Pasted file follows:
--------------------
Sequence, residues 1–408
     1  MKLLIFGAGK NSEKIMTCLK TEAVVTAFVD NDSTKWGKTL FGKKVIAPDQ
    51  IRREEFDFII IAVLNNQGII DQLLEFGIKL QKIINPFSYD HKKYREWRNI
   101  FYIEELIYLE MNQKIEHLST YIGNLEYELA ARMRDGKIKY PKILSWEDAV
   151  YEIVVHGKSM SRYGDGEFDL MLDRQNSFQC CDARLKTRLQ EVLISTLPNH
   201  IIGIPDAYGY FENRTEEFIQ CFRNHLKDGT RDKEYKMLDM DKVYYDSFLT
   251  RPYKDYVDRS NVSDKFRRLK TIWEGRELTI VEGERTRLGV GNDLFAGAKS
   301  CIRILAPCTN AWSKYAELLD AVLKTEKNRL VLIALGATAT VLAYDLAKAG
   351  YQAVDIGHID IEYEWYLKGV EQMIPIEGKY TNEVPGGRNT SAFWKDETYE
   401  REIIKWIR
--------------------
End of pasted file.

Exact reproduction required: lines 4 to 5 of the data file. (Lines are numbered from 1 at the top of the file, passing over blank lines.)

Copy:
   101  FYIEELIYLE MNQKIEHLST YIGNLEYELA ARMRDGKIKY PKILSWEDAV
   151  YEIVVHGKSM SRYGDGEFDL MLDRQNSFQC CDARLKTRLQ EVLISTLPNH